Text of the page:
I have gotten a lot sillier as an adult. You'd think I would have been sillier as a child, but no -- I was a pretty serious kid. And terrified of embarrassing myself. Insecure, to put it plainly.
But as an adult, I have lost that fear of being embarrassed. Not that I don't ever get embarrassed, but it doesn't hold me back. For the most part, people forget things. Quickly. I might remember something stupid I did or said a year ago, but the person I did that thing around or said that thing to has probably forgotten all about it. So living my life around avoiding embarrassment is just not a smart way of living my life.
Besides that, I do love to take risks. It keeps life interesting, and keeps my fires stoked. And part of taking risks is risking embarrassment.
I was flipping through the TV this weekend and I came across You Again. Essentially it's about a girl whose brother is marrying the girl who bullied her in high school. And even though the bullied girl grew up to be a successful, cool adult, she starts to revert to a state of insecurity around her former bully. It got me thinking, I wonder how I would act if I were face-to-face with one of the kids who gave me a hard time in high school?
I wasn't bullied, necessarily. I just didn't fit in. I got along with everyone because I was genuinely nice to people, and I kept my head down. But there were definitely a few situations where a kid was what I would call "mean." I imagine if I ever got face-to-face with one of those people, they would be shocked at who I became. It's not often that a shy girl learns to live her life so confidently.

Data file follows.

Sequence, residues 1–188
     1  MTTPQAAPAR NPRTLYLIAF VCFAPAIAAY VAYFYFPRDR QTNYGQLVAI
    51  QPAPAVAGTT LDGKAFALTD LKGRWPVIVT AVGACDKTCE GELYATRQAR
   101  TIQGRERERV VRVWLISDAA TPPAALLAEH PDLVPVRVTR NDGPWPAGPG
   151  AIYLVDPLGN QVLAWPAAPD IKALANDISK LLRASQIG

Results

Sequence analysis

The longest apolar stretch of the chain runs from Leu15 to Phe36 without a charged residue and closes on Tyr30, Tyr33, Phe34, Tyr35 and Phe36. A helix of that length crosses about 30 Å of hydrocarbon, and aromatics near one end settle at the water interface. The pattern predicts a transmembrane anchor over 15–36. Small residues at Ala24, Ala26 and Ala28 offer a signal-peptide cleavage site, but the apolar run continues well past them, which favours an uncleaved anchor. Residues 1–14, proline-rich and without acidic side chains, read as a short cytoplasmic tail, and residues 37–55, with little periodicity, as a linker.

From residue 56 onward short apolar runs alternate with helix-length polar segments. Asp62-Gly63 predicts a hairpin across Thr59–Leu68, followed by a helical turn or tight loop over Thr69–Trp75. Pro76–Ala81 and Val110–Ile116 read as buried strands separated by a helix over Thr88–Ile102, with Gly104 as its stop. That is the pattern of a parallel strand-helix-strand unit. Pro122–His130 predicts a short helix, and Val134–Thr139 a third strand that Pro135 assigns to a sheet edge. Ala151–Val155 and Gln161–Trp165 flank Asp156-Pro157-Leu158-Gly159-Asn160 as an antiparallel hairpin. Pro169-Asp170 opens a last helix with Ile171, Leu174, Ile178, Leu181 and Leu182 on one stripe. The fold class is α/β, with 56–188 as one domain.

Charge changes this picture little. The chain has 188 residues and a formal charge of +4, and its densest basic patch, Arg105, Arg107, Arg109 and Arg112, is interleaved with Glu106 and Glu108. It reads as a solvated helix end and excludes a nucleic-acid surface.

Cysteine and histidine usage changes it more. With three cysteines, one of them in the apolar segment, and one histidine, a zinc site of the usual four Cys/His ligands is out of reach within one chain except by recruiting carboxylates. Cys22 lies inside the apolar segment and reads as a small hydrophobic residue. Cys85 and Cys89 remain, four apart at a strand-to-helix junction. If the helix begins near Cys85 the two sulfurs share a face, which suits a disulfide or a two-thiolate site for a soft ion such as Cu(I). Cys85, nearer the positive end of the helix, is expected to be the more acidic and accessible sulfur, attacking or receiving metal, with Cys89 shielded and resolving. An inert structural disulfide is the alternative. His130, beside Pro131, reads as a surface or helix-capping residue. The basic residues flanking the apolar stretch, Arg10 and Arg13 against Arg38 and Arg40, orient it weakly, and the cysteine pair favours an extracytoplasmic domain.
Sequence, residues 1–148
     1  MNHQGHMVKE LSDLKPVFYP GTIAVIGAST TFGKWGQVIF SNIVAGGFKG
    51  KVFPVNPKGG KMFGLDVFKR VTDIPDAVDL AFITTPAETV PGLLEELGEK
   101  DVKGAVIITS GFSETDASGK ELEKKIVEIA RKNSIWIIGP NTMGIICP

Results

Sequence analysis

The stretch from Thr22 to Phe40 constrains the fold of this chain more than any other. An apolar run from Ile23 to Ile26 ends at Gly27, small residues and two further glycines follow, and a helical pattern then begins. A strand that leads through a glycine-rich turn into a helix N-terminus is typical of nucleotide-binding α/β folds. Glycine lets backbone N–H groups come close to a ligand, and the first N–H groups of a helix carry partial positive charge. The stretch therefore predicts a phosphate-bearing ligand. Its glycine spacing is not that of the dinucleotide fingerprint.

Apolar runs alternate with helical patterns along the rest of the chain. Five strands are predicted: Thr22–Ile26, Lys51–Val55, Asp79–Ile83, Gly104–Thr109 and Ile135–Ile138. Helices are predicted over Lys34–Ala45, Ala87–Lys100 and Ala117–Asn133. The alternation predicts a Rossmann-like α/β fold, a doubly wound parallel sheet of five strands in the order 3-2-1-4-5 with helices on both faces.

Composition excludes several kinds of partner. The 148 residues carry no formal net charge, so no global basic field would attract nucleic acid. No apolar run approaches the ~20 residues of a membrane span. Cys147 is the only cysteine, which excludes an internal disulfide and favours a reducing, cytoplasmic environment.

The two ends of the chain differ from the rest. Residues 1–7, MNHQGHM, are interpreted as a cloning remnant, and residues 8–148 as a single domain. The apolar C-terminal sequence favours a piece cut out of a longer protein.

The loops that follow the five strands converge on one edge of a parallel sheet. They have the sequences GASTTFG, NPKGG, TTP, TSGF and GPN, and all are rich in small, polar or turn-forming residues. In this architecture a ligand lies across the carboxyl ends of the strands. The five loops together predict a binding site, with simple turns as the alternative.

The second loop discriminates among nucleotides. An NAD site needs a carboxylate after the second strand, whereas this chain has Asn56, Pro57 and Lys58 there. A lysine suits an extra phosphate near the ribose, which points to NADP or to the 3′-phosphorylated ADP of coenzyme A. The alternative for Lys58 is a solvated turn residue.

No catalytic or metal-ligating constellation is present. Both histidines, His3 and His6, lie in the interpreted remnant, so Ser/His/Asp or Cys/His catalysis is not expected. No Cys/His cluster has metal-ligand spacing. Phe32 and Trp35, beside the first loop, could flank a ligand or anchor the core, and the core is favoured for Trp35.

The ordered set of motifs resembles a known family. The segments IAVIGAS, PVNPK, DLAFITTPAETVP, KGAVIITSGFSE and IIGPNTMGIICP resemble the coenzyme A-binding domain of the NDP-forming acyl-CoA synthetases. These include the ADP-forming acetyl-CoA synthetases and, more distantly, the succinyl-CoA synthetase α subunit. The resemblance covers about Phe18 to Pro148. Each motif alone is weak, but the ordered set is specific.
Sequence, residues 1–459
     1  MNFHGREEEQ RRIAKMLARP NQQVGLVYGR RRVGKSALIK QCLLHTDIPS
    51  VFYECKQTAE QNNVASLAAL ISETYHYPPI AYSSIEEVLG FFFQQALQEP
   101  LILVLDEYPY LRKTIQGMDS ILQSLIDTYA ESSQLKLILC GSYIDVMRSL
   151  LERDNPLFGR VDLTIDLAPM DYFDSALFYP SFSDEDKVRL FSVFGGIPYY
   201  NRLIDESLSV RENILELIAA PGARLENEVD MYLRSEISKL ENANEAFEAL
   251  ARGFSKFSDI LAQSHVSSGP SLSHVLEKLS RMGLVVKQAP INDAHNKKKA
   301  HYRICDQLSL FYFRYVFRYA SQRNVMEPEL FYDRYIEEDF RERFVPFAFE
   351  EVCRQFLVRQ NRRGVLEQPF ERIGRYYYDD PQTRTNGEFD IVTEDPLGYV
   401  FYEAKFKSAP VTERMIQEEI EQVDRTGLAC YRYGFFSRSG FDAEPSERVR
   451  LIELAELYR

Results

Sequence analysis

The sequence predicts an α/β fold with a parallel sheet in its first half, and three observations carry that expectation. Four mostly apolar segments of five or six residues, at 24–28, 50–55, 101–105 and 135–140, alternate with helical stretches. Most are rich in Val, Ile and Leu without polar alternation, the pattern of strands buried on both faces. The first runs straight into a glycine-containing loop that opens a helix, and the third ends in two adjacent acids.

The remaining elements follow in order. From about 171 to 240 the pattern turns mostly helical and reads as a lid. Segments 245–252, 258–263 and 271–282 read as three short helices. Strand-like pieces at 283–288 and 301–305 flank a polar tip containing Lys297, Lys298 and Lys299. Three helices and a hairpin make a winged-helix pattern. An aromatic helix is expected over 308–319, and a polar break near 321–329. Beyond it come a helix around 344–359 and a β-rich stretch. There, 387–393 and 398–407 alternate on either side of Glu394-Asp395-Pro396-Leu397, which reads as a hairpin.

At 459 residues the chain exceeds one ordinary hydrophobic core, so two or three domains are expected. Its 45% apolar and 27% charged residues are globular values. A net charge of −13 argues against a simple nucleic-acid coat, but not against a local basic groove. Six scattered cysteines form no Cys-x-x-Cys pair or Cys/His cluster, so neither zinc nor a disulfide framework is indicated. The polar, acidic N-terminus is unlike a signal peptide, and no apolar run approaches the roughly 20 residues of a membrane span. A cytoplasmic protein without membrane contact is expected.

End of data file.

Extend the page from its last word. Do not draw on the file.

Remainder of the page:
That video I posted yesterday is a perfect example of something I would never have done in my teenage years. Or if I did it, I'd have three inches of makeup on and the video would be about three seconds long. Oh how far I've come.
This webcam I bought came with software that allows you to animate a CG character, such as a shark, an alien or a cat. You click a button and start talking, and the character's mouth moves in sync with your voice. As soon as I saw that feature, I grabbed Jeremy and brought him into my office to create a video for our twin nephews. I put the shark on screen, said a few words, got Jeremy to add his voice to the mix, then put it on YouTube and sent my MIL a link.
The 3-year-old twins called us about a half hour later, SO excited that Aunt Jessi was a shark! Hahahaha. Janet told us that when they first saw it, little David asked her "Is that when Aunt Jessi was a shark?" We couldn't stop laughing.
It was a silly video done on a whim, with no ego involved -- and it delighted our nephews to no end. If that is the only thing that came out of me refusing to remain insecure, well it was so worth it.